While the first primary votes won't come for six more months, there is a sense of urgency for the lower-tier candidates to break out. More than half the field could be blocked from the next round of debates altogether — and possibly pushed out of the race — if they fail to reach new polling and fundraising thresholds implemented by the Democratic National Committee.
The dire stakes have forced many Democrats to turn against one another in recent weeks. But their common focus was how they characterized Trump's impact on American life.
One of them, Washington Gov. Jay Inslee, was particularly blunt.
"We can no longer allow a white nationalist to be in the White House," he said.
Peoples reported from Washington. Associated Press writers Thomas Beaumont in Detroit and Colleen Long in Washington contributed to this report.
PAWHUSKA — Two hemp security officers charged with marijuana trafficking are expected to have their cases dismissed next week as the case’s investigators said the defendants were “duped” into shipping illegal cannabis.
Defense attorney Matt Lyons on Wednesday said he has received an email confirmation from prosecutors that they will dismiss the charges against his clients Aug. 7 during a court appearance in Osage County District Court.
District Attorney Mike Fisher dropped the same drug-trafficking charges against the truck shipment’s two drivers in March because both men were unaware of the cargo’s contents. The situation began when a Pawhuska police officer pulled over the truck for allegedly not stopping at a traffic light.
But Andrew Ross and David Dirksen, veterans who co-founded Patriot Shield Security to provide protection for hemp transports, remained in hot water.
“We knew we were innocent from the beginning,” Ross said. “As stressful as it was with that sort of sentence over our heads, there weren’t too many points where I was that worried or thought that anyone would convict me or send me to life in prison for what we were doing.”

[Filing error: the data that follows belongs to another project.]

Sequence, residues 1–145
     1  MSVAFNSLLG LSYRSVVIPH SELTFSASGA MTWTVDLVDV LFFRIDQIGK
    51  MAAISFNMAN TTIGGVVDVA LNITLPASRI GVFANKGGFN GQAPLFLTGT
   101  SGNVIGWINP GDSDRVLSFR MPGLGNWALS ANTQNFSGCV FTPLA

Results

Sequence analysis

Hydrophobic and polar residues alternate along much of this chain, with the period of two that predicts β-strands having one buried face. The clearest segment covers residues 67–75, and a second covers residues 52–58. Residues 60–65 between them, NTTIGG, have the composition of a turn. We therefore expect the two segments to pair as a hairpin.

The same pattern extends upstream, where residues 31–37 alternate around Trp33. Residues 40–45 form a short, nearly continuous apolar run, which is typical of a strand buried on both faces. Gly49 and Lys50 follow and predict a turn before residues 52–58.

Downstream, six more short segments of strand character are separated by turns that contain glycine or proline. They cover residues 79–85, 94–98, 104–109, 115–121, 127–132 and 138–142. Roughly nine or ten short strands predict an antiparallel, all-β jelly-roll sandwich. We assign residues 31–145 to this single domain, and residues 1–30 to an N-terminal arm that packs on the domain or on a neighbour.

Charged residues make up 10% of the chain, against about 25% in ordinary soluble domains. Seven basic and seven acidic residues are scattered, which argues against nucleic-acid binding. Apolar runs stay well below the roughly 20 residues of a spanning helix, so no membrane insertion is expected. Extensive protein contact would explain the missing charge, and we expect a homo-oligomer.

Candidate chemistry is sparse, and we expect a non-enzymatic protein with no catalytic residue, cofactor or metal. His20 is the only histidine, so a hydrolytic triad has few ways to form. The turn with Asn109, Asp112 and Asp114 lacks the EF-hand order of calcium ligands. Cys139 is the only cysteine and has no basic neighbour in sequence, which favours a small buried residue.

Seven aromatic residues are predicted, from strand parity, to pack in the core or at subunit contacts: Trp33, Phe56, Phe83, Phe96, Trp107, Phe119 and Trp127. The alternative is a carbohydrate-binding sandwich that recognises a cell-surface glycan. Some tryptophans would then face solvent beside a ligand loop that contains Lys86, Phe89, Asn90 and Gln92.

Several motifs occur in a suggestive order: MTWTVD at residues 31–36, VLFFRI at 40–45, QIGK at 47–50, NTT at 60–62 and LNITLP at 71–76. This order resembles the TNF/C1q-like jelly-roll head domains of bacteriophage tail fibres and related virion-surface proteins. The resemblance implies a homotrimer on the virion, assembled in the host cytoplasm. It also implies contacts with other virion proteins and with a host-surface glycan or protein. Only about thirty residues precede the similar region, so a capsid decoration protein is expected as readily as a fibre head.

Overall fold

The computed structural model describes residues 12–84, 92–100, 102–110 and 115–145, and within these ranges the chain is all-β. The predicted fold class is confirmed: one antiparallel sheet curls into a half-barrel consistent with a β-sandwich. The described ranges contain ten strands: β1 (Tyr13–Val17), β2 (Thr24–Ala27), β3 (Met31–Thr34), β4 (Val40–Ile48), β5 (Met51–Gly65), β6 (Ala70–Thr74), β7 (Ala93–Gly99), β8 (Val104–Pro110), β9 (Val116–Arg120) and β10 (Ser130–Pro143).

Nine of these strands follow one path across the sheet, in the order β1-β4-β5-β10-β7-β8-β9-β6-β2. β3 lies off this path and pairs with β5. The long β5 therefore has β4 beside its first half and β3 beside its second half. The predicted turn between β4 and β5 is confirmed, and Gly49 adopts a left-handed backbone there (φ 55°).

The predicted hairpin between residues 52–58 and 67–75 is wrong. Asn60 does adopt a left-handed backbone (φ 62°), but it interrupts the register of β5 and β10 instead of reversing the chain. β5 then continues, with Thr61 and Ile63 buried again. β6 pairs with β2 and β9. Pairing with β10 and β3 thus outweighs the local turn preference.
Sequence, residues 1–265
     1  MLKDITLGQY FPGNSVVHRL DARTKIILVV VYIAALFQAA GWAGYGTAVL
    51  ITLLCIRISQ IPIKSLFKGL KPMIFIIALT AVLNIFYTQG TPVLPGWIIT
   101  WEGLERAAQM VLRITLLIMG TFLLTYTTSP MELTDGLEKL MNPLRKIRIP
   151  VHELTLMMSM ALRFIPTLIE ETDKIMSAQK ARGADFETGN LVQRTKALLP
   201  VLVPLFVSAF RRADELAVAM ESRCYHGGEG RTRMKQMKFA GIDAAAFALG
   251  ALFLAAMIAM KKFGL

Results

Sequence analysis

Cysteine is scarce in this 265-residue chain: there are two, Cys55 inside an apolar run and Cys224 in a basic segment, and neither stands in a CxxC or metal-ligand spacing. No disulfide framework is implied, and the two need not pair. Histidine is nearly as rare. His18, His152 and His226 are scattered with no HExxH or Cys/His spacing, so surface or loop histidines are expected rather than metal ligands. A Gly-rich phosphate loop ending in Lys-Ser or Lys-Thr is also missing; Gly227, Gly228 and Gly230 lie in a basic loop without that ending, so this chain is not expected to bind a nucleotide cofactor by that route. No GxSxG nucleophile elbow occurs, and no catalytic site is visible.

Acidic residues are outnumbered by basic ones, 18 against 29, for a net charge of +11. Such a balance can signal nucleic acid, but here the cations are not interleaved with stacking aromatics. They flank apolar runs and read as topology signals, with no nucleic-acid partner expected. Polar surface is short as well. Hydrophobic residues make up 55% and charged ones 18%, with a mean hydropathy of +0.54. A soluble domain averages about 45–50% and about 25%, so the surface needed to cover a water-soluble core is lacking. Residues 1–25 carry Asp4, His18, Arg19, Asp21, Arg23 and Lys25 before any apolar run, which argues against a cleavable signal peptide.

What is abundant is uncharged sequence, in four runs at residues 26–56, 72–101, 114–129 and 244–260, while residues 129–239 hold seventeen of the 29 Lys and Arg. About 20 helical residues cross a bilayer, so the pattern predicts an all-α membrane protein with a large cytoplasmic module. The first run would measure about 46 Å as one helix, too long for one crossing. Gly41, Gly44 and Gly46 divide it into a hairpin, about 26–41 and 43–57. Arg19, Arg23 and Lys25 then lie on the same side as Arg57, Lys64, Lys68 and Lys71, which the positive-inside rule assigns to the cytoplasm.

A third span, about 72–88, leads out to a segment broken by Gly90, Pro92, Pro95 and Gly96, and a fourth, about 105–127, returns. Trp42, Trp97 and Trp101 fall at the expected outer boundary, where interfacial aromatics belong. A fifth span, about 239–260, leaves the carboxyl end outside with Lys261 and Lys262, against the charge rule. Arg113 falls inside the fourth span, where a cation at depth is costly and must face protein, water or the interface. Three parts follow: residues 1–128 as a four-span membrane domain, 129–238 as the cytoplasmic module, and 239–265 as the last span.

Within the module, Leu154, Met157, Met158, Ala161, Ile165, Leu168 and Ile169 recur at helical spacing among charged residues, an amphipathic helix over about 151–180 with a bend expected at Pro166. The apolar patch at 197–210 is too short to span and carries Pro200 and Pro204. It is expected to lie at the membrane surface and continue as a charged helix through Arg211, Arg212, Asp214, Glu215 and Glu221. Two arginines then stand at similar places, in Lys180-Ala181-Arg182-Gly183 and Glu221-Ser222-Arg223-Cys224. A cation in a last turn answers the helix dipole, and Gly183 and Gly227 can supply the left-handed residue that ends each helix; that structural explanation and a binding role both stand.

A statement from Fisher’s office says investigators believe the seller of the contents in the truck “was involved in the illegal transport of marijuana under the guise of an industrial hemp shipment.” It states that belief formed after a probe by local authorities, including Pawhuska police, as well as defense attorneys Lyons, Scott Goode and Frank Robison.
“Additional evidence has come to light to indicate that (Ross and Dirksen) were duped by the seller into participating in the illegal shipment of 4,326 pounds of marijuana,” the statement reads. “As a result, the State will be dismissing the charges against both security guards in the interests of justice.”
According to the statement — signed off on by Fisher and the defense attorneys — a federal lawsuit has been brought by the Colorado buyer of the shipment against the Kentucky seller.
The seven-month saga exposed how unprepared Oklahoma — and likely other states — were for legal industrial hemp after President Donald Trump signed the 2018 Farm Bill into law Dec. 20.
Patriot Shield Security had existed for only a few months before the hemp seizure and their Jan. 9 arrests, which Ross said landed them in a “pretty bad financial situation.” But he believes the business is “much farther ahead” now than it otherwise would be given the media attention and has expanded into four states.
He said they now hold licenses in Oklahoma for armed security, marijuana processing and hemp cultivation. The latter two are because the state doesn’t have transportation licenses, he said.
“Now we know firsthand how to deal with it and the worst-case scenario, which is product being seized as noncompliant hemp,” Ross said.
Lyons said he doesn’t blame prosecutors or law enforcement. But the protracted ordeal must be a learning experience for authorities moving forward on how to deal with hemp, he said.
“Making the assumption that everyone is doing it illegally will not suffice for constitutional law,” he said.
The Agriculture Improvement Act of 2018 — better known as the 2018 Farm Bill — removed hemp from the Controlled Substances Act. It protects the interstate commerce of hemp, not allowing prohibition of its transport or shipment.
The measure states that a hemp producer who negligently violates a state or tribal plan “shall not as a result of that violation be subject to any criminal enforcement action” by federal, tribal, state or local governments.
Lyons noted that the U.S. Department of Agriculture in late May released a legal opinion that emphasized hemp no longer is a controlled substance and that its transport or shipment can’t be banned.
“I think that’s a direct result of this case,” Lyons said.